Sugar Notch Borough

Was taken from Hanover township territory and became an incorporated borough April 3, 1867. The charter included the two former hamlets or mining towns Sugar Notch and Warrior's Run. The latter was about two miles west of Sugar Notch, on the Warrior path. The industry of the place is mining coal. The borough, therefore, is long in the waist and has two post offices to keep up competition, it is supposed. A pretty place clinging along the mountain side, originally attracting people as a good place to make sugar from the maple trees in the vicinity. Without the saying, this industry gave the name to the place. George H. Parish was the first burgess. The first council: H.B. Plumb, David Caird, Samuel Roberts, Adam Schiedel and George Cyphus; David Caird, president; and Austin Gallagher, clerk.

The Sugar Notch shaft was sunk in 1866, and the new breaker commenced operations. Then the growth was rapid. The Lehigh valley and the New Jersey Central railroads passed through the place, and it became an important shipping coal point. No. 9 of the Lehigh & Wilkes- Barre Coal company and the Hartford mines are located here, and the New Jersey breaker No. 2 on the formerly Knock property, that was sold to the Lehigh & Wilkes-Barre company. The Germania company opened a mine in 1864, about half mile east of the Harford on the "Back track" of the Lehigh valley road. The mines at Warrior Run were opened in 1837, on the George Crocker land, by Holland & Hillman, but after three or four years the mines were abandoned no transportation. This was the old Blackman homestead. The post office name is Peely. The clever burgess of Sugar Notch, A.B. Caffrey, says he has but slight acquaintance of the Warrior Run end of the borough.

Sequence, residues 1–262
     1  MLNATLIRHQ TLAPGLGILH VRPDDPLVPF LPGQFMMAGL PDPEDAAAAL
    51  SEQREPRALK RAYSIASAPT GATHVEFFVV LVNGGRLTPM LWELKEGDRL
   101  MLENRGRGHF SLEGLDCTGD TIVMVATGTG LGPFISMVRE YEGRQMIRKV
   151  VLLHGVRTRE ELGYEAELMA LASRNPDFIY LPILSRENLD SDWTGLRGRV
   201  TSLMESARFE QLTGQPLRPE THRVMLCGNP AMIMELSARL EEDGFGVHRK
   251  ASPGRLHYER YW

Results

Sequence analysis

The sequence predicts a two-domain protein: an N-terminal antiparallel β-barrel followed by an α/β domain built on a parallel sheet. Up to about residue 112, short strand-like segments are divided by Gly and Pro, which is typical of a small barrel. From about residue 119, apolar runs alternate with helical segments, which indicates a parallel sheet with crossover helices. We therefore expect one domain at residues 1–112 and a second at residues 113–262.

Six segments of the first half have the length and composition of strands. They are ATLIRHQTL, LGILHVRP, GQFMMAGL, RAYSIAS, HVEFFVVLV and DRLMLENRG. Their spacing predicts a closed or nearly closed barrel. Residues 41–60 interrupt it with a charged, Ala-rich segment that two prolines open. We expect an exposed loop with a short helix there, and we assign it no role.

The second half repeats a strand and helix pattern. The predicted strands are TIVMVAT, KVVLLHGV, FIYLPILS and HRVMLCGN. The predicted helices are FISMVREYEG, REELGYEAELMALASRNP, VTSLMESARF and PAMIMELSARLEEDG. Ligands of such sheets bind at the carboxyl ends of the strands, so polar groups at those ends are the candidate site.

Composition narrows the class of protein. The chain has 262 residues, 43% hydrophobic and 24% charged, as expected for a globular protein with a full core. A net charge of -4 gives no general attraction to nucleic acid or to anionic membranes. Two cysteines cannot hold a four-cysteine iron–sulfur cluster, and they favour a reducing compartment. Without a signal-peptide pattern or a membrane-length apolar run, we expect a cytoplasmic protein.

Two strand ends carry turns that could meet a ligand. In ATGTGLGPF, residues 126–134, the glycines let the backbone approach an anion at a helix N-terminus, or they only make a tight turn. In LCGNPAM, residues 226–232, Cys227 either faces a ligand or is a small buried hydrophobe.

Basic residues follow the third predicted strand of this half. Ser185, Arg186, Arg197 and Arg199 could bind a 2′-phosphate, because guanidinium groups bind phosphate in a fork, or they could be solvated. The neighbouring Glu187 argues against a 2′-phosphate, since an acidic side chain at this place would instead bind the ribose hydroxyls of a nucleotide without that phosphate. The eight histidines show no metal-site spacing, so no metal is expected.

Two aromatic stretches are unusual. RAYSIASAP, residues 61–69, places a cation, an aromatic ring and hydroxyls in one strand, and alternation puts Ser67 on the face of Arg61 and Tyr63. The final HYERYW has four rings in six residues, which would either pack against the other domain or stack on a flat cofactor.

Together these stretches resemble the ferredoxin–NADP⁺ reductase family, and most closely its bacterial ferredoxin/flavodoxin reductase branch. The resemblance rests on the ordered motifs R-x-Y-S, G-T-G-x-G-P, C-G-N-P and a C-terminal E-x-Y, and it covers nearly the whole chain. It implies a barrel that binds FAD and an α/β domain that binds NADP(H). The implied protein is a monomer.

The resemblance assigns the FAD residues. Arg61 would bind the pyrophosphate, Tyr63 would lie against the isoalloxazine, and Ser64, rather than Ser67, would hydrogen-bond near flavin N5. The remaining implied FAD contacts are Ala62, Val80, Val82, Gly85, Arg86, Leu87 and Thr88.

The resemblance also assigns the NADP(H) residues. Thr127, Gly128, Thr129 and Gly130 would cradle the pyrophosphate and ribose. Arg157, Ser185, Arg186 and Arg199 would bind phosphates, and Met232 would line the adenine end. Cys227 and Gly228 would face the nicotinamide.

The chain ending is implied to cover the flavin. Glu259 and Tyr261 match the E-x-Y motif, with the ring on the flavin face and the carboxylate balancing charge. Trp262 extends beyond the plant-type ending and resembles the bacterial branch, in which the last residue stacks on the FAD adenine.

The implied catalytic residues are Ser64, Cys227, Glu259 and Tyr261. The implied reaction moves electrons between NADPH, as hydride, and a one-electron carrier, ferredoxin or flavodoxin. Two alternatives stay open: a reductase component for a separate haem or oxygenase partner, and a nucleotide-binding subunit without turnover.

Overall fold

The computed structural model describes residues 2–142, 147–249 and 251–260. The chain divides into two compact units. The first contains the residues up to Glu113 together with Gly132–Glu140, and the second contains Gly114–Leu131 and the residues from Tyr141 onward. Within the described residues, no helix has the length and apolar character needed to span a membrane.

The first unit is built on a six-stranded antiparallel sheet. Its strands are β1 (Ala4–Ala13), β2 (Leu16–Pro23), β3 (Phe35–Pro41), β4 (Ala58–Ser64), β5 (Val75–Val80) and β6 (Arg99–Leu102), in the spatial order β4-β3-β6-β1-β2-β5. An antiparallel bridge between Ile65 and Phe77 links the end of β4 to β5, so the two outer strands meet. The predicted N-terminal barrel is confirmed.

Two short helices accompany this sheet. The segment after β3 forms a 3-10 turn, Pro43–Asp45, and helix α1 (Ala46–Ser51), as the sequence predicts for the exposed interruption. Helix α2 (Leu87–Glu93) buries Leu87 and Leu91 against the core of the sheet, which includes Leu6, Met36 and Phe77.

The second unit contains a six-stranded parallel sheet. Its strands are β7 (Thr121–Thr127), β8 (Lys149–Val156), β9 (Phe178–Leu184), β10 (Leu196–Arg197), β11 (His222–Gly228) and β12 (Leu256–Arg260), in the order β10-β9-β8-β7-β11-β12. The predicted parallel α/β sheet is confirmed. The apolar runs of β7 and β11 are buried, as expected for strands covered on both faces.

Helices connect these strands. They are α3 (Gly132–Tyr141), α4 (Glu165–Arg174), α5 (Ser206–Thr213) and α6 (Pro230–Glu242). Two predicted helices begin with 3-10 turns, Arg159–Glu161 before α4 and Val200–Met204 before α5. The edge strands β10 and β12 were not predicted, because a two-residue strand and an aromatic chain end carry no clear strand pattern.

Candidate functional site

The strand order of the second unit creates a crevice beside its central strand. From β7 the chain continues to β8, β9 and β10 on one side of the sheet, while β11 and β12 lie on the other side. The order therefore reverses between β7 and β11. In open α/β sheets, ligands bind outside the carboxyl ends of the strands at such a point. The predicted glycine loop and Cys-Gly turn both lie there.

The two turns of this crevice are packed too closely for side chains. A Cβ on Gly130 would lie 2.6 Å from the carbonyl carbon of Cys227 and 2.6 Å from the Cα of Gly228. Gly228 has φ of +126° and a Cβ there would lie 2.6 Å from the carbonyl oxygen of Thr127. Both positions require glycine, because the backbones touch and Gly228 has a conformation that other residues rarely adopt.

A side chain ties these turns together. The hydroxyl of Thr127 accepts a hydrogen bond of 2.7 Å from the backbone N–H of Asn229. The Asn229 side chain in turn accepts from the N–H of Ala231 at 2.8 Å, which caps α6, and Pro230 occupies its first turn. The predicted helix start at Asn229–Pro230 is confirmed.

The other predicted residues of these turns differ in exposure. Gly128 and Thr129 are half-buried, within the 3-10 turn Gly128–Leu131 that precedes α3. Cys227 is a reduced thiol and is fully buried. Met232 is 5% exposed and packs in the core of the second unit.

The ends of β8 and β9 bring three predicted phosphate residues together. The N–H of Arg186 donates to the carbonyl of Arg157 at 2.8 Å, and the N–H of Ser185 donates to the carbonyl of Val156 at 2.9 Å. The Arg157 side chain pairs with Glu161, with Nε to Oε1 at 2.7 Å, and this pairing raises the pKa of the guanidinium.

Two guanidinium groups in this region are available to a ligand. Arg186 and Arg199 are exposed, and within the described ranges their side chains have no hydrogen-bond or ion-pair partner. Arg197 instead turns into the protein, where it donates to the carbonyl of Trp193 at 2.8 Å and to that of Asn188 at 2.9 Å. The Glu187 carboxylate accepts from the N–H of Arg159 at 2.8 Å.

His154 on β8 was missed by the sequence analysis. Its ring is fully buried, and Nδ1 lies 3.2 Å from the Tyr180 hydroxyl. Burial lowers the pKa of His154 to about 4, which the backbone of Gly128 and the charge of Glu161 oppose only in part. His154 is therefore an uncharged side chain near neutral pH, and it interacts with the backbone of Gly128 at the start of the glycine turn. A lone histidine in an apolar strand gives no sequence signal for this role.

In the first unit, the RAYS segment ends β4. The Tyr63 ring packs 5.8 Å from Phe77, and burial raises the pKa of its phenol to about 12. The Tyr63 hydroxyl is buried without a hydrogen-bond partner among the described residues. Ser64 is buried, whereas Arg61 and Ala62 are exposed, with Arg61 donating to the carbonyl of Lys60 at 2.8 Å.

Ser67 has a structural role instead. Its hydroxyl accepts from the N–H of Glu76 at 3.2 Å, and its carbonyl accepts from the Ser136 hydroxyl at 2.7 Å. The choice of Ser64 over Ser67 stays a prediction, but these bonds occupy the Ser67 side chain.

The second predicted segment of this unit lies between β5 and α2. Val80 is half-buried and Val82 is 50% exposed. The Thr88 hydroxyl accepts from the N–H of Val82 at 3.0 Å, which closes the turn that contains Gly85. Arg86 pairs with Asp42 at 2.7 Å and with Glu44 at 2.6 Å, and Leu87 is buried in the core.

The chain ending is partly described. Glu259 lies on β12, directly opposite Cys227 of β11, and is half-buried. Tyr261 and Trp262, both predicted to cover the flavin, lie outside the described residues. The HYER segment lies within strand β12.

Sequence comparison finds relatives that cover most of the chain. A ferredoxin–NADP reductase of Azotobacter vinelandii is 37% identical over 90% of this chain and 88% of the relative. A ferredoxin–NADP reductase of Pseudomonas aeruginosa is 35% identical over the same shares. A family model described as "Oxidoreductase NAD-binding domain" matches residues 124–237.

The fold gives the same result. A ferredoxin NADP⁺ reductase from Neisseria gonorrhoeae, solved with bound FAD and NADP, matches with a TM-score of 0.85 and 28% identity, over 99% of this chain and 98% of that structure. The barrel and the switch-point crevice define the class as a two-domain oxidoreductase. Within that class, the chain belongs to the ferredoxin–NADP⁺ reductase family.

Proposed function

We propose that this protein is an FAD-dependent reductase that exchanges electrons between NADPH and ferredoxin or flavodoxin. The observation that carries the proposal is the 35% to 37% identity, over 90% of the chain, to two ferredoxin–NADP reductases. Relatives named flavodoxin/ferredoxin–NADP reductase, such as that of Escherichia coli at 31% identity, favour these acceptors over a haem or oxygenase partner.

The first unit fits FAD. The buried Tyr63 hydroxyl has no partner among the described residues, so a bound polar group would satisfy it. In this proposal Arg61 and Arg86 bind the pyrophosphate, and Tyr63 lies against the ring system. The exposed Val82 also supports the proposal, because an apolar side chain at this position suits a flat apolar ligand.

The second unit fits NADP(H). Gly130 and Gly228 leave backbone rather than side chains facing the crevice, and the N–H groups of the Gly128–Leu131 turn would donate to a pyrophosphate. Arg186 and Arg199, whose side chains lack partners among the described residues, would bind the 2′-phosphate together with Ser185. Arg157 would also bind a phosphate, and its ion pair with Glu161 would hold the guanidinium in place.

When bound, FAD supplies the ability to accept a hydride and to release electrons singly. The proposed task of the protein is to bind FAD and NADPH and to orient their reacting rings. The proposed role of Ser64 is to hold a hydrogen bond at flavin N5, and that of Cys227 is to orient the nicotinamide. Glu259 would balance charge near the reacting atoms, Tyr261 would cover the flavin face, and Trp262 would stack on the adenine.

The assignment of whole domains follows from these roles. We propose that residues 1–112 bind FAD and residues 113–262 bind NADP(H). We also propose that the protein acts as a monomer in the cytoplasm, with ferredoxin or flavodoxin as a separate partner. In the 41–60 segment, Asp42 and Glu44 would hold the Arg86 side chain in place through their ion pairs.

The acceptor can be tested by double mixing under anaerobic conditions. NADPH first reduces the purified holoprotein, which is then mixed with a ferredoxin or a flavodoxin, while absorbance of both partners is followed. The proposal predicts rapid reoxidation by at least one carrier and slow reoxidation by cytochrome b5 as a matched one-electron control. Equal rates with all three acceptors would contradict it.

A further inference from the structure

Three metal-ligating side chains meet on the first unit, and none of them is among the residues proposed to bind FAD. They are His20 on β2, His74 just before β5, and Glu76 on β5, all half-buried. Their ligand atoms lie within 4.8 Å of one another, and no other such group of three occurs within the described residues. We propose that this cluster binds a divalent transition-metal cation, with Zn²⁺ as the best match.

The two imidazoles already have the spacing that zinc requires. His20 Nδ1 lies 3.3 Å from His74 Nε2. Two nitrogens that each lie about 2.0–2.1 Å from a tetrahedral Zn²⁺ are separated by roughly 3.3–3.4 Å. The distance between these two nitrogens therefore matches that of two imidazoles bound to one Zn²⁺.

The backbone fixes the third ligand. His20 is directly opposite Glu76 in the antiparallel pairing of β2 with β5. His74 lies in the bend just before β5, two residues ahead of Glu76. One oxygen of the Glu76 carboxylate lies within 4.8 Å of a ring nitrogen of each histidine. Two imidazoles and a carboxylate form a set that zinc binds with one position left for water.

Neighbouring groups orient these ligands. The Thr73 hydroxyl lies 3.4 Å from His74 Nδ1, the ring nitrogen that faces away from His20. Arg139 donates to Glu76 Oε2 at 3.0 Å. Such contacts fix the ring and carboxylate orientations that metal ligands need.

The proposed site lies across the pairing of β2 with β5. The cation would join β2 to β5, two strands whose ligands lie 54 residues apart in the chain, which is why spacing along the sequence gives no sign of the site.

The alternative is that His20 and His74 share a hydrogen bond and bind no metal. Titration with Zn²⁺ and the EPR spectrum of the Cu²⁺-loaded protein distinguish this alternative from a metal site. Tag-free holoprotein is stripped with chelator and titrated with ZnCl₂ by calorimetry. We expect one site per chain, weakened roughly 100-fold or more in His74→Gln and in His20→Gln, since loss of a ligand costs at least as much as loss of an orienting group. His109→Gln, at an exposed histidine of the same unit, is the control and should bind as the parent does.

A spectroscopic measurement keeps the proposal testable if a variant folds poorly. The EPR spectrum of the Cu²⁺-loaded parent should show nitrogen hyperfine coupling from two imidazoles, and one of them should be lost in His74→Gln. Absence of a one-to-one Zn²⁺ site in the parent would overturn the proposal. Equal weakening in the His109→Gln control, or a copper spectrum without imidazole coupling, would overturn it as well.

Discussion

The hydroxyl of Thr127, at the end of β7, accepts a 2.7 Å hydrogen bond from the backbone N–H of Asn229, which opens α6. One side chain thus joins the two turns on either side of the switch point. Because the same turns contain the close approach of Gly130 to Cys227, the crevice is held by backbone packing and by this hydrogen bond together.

The two ends of the long, slim borough are undermined, but there are no fears of "cave in" because of the great solid rock roof that overlies the coal beds. In the borough are 10 hotels and restaurants, 6 general stores, 5 small fancy stores.

The post office was for years kept in the Sugar Notch end in the company's store. In 1885 Peter Riley, who had lost his eyes in the mines, was appointed postmaster and moved it to the building where it is now kept. Sugar Notch is supplied with water by the Hanover Water company; chartered in 1887.

Since the foot of the mountain has been undermined, all the wells and springs have dried and now the water flows out through the mines. This caused the building of the present reservoir and conducting water by pipes.

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This Town History was donated by Sarah.
1997-2010 by Mary Ann Lubinsky for the PAGenWeb Project, and by Individual Contributors

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